Newly proposed legislation to regulate large-scale fish farming in the oceans around the United States incorporates major recommendations from a blue-ribbon task force organized by the Woods Hole Oceanographic Institution (WHOI).
Established in the summer of 2005, the independent Marine Aquaculture Task Force was charged with examining the risks and benefits of offshore fish farming and recommending national policy to guide the industry's development. The panel was established through a grant from the Pew Charitable Trusts and the Lenfest Foundation.
In January 2007, after 18 months of study and public hearings, the task force recommended strong national environmental standards to regulate offshore marine aquaculture and federal leadership by one agency—the National Oceanic and Atmospheric Administration (NOAA)—as opposed to the byzantine mix of agencies currently involved.
The new National Offshore Aquaculture Act of 2007—crafted by NOAA and introduced on April 24 by U.S. Rep. Nick Rahall (D- W.Va.), chairman of the House of Representatives’ Natural Resources Committee—specifically charges NOAA with establishing stringent standards and coordinating offshore its aquaculture regulation efforts with individual states. Several national aquaculture programs proposed in the past decade have been criticized for a lack of environmental safeguards.
“The legislation is proposing environmentally sound standards,” said Judith McDowell, chair of the WHOI Biology Department, who served as the science director for the task force. “That was the hope of the task force, and it seems to be happening.”
Aquaculture—the farming of fish, shellfish, and aquatic plants—accounts for nearly half of all seafood consumed in the world today. The industry is growing rapidly as wild fish stocks decline. The federal government has proposed a fivefold increase in U.S. aquaculture production.
Seafood industry groups and researchers have been testing large nets, pens, and other apparatus for raising fish in deep-water environments, tens of miles away from the shore. Offshore aquaculture has some natural advantages over coastal fish-farming operations because open-ocean winds, waves, and currents can naturally remove excess feed and wastes. Moving offshore also reduces conflict with boaters and real estate interests.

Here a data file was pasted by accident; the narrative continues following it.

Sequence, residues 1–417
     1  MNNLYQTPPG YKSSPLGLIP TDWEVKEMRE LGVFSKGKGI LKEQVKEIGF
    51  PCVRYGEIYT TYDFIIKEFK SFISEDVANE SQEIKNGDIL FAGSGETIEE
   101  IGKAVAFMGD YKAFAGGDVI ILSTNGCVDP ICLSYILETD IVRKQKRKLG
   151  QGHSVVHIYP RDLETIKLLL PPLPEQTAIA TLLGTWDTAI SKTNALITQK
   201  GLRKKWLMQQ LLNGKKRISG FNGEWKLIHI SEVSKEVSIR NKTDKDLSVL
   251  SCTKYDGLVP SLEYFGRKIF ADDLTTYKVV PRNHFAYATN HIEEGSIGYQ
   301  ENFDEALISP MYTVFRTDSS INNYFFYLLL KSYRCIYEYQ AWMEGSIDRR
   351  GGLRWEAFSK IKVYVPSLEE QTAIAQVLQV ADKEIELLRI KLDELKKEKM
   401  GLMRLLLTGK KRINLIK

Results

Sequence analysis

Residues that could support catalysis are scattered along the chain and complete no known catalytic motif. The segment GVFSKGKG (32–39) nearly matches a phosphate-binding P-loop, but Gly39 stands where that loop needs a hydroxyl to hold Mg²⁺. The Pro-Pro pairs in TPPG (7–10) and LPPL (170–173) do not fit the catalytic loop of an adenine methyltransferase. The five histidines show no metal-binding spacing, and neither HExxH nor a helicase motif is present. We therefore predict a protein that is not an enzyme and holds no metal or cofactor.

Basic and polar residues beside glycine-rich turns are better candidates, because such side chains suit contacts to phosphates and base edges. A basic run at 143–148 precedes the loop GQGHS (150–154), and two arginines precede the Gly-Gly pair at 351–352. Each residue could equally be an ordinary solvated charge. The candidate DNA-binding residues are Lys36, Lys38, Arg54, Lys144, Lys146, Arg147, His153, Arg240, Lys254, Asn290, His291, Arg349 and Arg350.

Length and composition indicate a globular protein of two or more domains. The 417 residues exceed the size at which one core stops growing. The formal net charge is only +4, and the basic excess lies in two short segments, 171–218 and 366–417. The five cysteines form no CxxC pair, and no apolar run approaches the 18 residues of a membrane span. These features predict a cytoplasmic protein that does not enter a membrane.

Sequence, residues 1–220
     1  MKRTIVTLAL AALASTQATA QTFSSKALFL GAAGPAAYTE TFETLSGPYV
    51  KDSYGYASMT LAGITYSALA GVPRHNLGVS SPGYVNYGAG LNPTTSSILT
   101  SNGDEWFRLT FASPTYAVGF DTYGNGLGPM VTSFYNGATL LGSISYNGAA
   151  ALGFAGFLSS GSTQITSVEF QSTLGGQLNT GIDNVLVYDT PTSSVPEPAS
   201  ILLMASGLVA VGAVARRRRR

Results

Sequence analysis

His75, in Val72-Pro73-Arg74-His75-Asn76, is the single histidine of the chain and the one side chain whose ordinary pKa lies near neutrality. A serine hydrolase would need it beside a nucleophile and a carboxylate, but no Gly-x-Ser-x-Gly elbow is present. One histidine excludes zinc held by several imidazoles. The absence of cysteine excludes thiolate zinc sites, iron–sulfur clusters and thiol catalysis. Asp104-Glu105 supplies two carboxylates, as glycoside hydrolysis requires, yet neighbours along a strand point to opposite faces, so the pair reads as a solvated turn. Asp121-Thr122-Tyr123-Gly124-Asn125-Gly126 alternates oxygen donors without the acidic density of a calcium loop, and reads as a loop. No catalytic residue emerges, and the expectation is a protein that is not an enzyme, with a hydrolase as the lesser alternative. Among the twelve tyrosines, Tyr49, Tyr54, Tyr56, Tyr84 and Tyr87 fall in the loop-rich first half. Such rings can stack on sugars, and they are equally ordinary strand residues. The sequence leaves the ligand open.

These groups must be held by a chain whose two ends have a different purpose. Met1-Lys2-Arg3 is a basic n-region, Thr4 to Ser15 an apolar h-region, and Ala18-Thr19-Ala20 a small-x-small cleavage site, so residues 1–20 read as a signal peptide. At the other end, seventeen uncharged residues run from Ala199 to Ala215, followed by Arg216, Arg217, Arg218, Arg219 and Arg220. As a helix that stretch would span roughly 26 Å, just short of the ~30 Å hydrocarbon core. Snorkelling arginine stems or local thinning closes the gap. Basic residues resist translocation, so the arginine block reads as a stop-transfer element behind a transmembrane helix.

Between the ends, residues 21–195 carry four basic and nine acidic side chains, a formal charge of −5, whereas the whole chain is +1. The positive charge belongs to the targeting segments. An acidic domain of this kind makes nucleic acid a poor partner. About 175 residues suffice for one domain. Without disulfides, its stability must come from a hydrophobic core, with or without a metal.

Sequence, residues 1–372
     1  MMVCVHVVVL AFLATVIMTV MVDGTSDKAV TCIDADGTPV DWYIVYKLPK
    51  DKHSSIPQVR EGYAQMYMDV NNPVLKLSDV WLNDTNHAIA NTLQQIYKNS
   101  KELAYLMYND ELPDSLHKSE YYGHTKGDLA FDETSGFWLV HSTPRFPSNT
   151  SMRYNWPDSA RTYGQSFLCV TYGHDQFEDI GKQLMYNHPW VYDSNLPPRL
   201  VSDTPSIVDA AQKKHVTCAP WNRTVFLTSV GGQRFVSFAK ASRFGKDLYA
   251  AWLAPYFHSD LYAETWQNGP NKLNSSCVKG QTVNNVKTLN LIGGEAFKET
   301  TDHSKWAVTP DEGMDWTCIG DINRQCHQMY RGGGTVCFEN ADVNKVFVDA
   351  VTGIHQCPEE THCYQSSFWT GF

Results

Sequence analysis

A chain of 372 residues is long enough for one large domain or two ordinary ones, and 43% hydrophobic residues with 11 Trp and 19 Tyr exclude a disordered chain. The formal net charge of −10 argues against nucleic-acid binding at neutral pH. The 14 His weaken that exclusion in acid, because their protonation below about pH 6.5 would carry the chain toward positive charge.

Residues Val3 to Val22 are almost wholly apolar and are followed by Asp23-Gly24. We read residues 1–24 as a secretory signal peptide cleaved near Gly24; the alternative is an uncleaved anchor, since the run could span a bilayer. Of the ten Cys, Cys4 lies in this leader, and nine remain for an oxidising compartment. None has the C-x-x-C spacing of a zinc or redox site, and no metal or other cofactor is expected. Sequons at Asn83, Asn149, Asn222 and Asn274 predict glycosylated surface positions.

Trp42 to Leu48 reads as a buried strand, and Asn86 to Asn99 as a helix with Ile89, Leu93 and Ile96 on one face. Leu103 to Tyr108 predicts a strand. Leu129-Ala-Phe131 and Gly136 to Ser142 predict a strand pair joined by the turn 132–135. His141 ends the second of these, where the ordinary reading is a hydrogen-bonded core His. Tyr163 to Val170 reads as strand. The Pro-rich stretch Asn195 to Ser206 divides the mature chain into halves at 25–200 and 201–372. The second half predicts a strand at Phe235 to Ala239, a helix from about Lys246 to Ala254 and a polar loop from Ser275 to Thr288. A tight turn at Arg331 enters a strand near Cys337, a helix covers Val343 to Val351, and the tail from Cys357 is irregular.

But there are environmental and ecological questions, such as which species should be farmed and where, and what level of discharges from aquaculture facilities can be safely absorbed by the ocean. Some researchers are concerned that domesticated fish—and the medicines and disease outbreaks sometimes associated with high-density fish farms—could escape and compromise natural fish stocks.
The task force was chaired by Rear Adm. (ret.) Richard F. Pittenger, former WHOI vice president for marine facilities and operations. It included experts from scientific, policy-making, business, and conservation organizations. The group met with many stakeholders, balancing their opinions against the best available science.
“We listened to the fishermen and others whose lives and livelihoods are tied to the oceans,” said task force member Arliss Sturgulewski, a former Alaska state senator. “Because of the potential impacts on fisheries-dependent communities, there is strong disagreement about whether marine fish farming should expand. But there is universal agreement that if it does go forward, it should be done with appropriate safeguards for and consultation with coastal states and communities.”
“If we are going to move offshore with aquaculture, we should do it right and make sure the right policies and regulations are in place,” added Pittenger. “Modern agriculture developed without a lot of oversight and regulation, leading us to a lot of our current problems with pollution from fertilizers and pesticides. We don’t want to repeat the same mistakes in the water.”
In its report, the task force also recommended streamlining and simplifying permitting and application processes; market-based incentives for businesses to invest in sustainable, ecologically sound fish-farming projects; as well as funding and incentives for research, development, and deployment of technologies and techniques for sustainable fish farming.
Divers clean the outside of SeaStation 3000, an open-coean aquaculture project operated by the University of Hawaii. The 50-by-80-foot (15-by-24-meter) cone-shaped steel-and-mesh cage houses "farmed" fish. It lies two miles from Honolulu and 40 feet (12 meters) below the surface, out of the way of ships. (Courtesy of NOAA)